There are the songs of Lori McKenna, and then there are the songs of everyone else in country music. Lori McKenna songs should constitute their own subgenre in the way she’s so deftly captures feelings and sentiments we all experience, but often fail to find the words to express, along with how she says the things we all need to hear, but don’t know where else to turn to hear them.
Lori McKenna is singular in her capability to encapsulate life lessons and communicate them in three-minute intervals in a way that entire volumes of self-help material can’t achieve. The sage nature of her songs is something that artists from the most grassroots of non-commercial Americana, to some of the highest grossing acts in the mainstream of country have come to partake in, and to the benefit of the entirety of the country and roots world.
Once again, Lori McKenna displays this magnanimous mastery of American songwriting in 10 new tracks compiled under the heading 1988. With an ease that must make her fellow songwriters both enraged with jealousy and supremely inspired, this mother of five from Massachusetts makes quick work of sowing profundities that make life’s challenges more digestible, and the entirety of living more enjoyable to experience.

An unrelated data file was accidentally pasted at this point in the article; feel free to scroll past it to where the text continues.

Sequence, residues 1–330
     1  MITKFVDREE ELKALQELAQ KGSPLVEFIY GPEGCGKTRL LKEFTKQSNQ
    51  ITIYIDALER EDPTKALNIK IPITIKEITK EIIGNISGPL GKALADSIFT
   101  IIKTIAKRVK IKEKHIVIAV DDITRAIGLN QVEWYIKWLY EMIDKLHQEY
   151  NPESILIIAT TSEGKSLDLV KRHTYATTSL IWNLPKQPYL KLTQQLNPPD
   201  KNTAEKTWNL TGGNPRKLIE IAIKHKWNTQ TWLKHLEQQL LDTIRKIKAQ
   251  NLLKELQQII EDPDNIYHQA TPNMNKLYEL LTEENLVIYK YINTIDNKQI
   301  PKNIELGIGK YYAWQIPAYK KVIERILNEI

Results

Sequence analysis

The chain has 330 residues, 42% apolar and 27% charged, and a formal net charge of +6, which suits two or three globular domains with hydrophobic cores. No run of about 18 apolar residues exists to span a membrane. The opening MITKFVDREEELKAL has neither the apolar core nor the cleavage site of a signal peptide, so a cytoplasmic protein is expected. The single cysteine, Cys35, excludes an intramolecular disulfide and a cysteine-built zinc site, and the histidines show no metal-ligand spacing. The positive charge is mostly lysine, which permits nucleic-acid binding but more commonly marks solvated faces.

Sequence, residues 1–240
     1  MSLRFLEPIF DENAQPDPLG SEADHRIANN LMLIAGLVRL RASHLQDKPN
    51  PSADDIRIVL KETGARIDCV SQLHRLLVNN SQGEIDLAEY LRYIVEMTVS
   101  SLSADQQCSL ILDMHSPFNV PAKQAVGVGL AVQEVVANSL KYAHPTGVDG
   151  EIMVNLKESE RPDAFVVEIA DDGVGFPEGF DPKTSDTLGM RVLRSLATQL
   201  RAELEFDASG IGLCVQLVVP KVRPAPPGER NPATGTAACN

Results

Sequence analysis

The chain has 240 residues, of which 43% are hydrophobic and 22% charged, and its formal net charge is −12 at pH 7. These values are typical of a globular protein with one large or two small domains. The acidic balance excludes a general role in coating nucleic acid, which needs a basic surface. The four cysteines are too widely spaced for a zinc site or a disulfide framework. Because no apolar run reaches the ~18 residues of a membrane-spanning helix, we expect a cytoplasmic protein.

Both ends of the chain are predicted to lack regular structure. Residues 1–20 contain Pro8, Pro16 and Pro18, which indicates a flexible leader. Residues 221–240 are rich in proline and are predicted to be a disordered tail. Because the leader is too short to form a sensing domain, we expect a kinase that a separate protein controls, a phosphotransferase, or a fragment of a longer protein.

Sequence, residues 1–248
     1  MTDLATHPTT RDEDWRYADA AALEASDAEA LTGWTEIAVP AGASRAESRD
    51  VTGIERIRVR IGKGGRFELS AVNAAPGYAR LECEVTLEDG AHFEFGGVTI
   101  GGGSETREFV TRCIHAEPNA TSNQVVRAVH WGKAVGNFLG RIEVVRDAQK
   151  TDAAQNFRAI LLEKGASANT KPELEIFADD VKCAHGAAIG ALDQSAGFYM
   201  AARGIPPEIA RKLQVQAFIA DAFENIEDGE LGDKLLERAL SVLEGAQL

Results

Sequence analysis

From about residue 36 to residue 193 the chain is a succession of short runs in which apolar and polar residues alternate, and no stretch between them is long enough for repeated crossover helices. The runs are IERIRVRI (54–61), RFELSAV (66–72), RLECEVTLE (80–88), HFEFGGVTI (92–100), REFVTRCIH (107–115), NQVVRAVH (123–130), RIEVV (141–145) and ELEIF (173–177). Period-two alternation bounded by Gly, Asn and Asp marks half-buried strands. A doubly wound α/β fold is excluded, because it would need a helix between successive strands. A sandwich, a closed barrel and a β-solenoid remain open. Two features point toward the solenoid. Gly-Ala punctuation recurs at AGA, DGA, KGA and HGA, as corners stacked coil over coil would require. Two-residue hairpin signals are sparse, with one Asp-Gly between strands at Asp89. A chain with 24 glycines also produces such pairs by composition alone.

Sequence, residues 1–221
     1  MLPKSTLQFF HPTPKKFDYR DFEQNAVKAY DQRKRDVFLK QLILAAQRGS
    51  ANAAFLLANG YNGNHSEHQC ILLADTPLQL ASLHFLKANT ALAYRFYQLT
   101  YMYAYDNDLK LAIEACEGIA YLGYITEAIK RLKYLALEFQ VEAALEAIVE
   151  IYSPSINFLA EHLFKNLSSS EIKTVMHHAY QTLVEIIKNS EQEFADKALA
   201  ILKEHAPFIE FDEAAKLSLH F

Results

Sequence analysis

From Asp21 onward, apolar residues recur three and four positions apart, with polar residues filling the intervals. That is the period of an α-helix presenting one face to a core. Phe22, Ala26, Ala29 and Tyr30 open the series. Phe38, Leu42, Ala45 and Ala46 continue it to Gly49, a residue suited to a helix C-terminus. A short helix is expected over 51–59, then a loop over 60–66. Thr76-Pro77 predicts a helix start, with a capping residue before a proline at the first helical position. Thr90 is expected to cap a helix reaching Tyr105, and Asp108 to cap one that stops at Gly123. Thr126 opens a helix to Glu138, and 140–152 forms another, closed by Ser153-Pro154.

Similar to some of her other recent works, Lori McKenna explores the quantity of time and the process of aging in 1988. The album is named after the year she married her husband at the age of 19. McKenna’s mother died when she was just seven, and she first met her husband in the third grade. She started writing songs as lullabies to her children. It’s all of this history that swells to underpin her music in ways you can hear and feel, and is one of the reasons she’s now racked up a dozen Grammy nominations, and two awards.
It’s the maternal wisdom of Lori McKenna’s music that makes it so deep and resonant, but since it’s served so direct and plainspoken, there’s no mysteries to unravel, making it incredibly effective as an antidote for life’s woes. All you have to do is listen, and the words do the rest. Where so much of society is in a rush to hide its age, McKenna embraces it right off the bat in “The Old Woman In Me.” Where so many are so quick to judge and lay blame, McKenna is the one worried about “Letting People Down.”
Though McKenna does work with some other songwriters on the album like Hillary Lindsey, Luke Laird, Jessie Jo Dillon, and Stephen Wilson Jr., it’s arguably the solo-written songs such as “Growing Up,” “Wonder Drug,” and “Letting People Down” that impact the most with their fiercely personal aspect. How many people haven’t tried to love someone out of their addiction issues to no avail?
1988 isn’t especially country or especially anything else. It’s a songwriter’s album, and producer Dave Cobb makes sure to center the songs and make everything else feel like background noise. But the music of the album is pleasing nonetheless, and though she’s a songwriter first, McKenna also brings a gratifying voice to her songcraft.
In an era, and in a moment where it seems like the most terse, divisive, outspoken, and ostentatious voices are the ones that receive most all of the attention, Lori McKenna is the soothing, calming, rational voice that this moment needs, and that we all need individually. This is what she delivers with 1988.
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